I'm a believer in growth stocks. As an analyst for our Motley Fool Rule Breakers service, I think you should be, too. But even I have to admit that some growth stories are bogus -- hence this regular series.

Next up: PetroChina (NYSE: PTR). Is this Chinese energy giant the real thing? Let's get right to the numbers.

Foolish facts



CAPS stars (out of 5) ****
Total ratings 1,767
Percent bulls 95.2%
Percent bears 4.8%
Bullish pitches 209 out of 223
Highest rated peers Total S.A. (NYSE: TOT), ConocoPhillips, Royal Dutch Shell

Data current as of Oct. 6.

You and I have both read enough headlines to know that Warren Buffett is a superior investor. Still, it would be nice if we had some numbers to back up the assertion.

Here's one: $224 billion. That was PetroChina's effective market cap as of this writing. When Buffett sold in 2007, the company was worth roughly $270 billion. Well played, sir.

Fools understand the drop, but they also sense a great growth opportunity in PetroChina at present prices. "As disposable income increases, Chinese citizens will attain more independent forms of transportation. In addition, China's industrialization will spread to more rural areas of its country, only expanding its need for fuel. PTR will once again hold the record market cap by 2012," wrote Foolish investor jdr393 in August.

Numbers support this thesis. According to reporting in trade magazine Oil & Gas Journal, China is positioning itself to double its strategic petroleum reserves by 2013.

The elements of growth


Last 12 Months



Normalized net income growth 7.6% (19.2%) (15.2%)
Revenue growth 37.6% (5%) 28.2%
Gross margin 47.7% 51.7% 47.5%
Receivables growth 96.2% 71.2% (9.5%)
Shares outstanding 183,012 million 183,012 million 183,012 million

Source: Capital IQ, a division of Standard & Poor's.

If true, this table suggests that the magnitude of PetroChina's growth opportunity remains unrealized. Let's review:

  • Fortunately, both normalized net income and revenue growth have returned, but I'd much rather see earnings growing faster than revenue. That would suggest leverage in the business model. Instead, we have the opposite.
  • To be fair, increased investment is at least partially responsible for shrinking gross margins, and investments can take years to pay off. PetroChina may very well be doing exactly what it's supposed to be doing.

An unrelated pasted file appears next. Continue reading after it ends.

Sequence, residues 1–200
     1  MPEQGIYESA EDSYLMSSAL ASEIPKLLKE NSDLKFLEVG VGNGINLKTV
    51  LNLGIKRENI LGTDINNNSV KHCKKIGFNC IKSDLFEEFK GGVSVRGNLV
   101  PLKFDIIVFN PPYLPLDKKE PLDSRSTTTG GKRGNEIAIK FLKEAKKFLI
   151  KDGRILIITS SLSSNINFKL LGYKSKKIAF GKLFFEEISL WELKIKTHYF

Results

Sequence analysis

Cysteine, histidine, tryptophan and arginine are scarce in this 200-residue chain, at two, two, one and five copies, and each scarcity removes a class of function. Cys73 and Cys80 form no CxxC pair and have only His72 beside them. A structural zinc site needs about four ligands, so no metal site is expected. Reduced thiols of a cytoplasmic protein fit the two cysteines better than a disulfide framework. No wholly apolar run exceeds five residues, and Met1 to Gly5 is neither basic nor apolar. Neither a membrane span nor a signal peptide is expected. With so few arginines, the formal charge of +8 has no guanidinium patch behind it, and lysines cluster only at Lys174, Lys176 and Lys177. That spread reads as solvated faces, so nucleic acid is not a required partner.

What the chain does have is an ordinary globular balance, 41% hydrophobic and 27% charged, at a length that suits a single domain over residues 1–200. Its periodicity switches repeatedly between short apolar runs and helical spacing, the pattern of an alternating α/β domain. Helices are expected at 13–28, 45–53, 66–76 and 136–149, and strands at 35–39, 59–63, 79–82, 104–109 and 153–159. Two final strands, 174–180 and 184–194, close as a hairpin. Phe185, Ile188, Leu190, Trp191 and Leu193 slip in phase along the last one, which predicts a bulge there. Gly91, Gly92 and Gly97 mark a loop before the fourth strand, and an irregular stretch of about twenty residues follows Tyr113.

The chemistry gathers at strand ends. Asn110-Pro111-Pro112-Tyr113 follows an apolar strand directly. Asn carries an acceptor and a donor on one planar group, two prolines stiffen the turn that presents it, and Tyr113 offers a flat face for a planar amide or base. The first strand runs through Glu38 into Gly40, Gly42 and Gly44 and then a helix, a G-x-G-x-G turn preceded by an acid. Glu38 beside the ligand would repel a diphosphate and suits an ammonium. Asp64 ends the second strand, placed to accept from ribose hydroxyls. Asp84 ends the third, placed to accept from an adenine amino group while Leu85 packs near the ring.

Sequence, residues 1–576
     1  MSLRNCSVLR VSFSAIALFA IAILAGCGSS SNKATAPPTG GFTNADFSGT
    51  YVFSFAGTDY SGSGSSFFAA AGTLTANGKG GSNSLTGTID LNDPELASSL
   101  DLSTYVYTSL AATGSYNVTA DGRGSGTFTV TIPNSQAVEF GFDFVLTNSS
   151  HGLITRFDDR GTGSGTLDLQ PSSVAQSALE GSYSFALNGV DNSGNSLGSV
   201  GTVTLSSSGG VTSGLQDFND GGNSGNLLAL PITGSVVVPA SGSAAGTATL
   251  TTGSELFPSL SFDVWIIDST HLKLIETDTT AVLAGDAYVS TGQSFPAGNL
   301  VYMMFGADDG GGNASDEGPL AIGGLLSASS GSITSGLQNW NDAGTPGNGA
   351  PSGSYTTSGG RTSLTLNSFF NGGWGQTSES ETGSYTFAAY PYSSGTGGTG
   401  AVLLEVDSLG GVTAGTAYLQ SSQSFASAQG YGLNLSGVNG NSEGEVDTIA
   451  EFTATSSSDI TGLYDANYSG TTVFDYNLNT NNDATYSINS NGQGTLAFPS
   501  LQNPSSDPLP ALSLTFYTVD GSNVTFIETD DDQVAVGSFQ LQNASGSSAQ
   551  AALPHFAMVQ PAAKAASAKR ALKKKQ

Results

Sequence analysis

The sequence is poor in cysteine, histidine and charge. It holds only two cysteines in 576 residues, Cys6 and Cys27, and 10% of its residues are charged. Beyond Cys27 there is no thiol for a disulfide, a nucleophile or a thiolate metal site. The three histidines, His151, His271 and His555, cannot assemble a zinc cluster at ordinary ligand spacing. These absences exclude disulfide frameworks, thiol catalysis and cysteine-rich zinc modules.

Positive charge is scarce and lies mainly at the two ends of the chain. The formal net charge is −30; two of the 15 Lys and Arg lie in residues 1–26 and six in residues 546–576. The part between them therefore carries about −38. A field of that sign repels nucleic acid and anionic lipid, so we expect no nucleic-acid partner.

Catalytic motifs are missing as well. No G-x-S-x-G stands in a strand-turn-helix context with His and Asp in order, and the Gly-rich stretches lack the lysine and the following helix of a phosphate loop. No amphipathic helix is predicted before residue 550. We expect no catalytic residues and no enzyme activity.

• If so, rising receivables could indicate a river of new revenue. And if PetroChina's investments don't pay off? Look out below.

Competitor and peer checkup


Normalized Net Income Growth (3 yrs.)

China Integrated Energy (Nasdaq: CBEH) 109.3%
China Petroleum & Chemical (NYSE: SNP) (2.2%)
PetroChina (5.1%)
Sinopec Shanghai Petrochemical (NYSE: SHI) (3.3%)

Source: Capital IQ. Data current as of Sept. 30.

Of the stocks in this table, only China Integrated Energy and CNOOC come out looking good. But that may not matter. PetroChina is positioning itself for a longer-term growth opportunity, and historically, management has a record for investing capital well.

Grade: Unsustainable
I think it's too early to call this a sustainable growth opportunity, but I also don't see much downside risk. PetroChina has invested well in the past, and it's operating with a government mandate to increase oil reserves. To me, that sounds like a stock that deserves to trade for more than just 13 times earnings. As such, I'm willing to take a chance and go long the stock in my CAPS portfolio.

Now it's your turn to weigh in. Do you like PetroChina at these levels? Let the debate begin in the comments box below. You can also ask Tim to evaluate a favorite growth story by sending him an email, or replying to him on Twitter.

For further Foolishness featuring PetroChina:

True to its name, The Motley Fool is made up of a motley assortment of writers and analysts, each with a unique perspective; sometimes we agree, sometimes we disagree, but we all believe in the power of learning from each other through our Foolish community.

CNOOC is a Motley Fool Global Gains recommendation. Total S.A. is a Motley Fool Income Investor pick. Try any of our Foolish newsletter services free for 30 days.

Fool contributor Tim Beyers is a member of the Motley Fool Rule Breakers stock-picking team. He didn't own shares in any of the companies mentioned in this article at the time of publication. Check out Tim's portfolio holdings and Foolish writings, or connect with him on Twitter as @milehighfool. You can also get his insights delivered directly to your RSS reader. The Motley Fool is also on Twitter as @TheMotleyFool. Its disclosure policy thinks Monty Python is sustainably funny.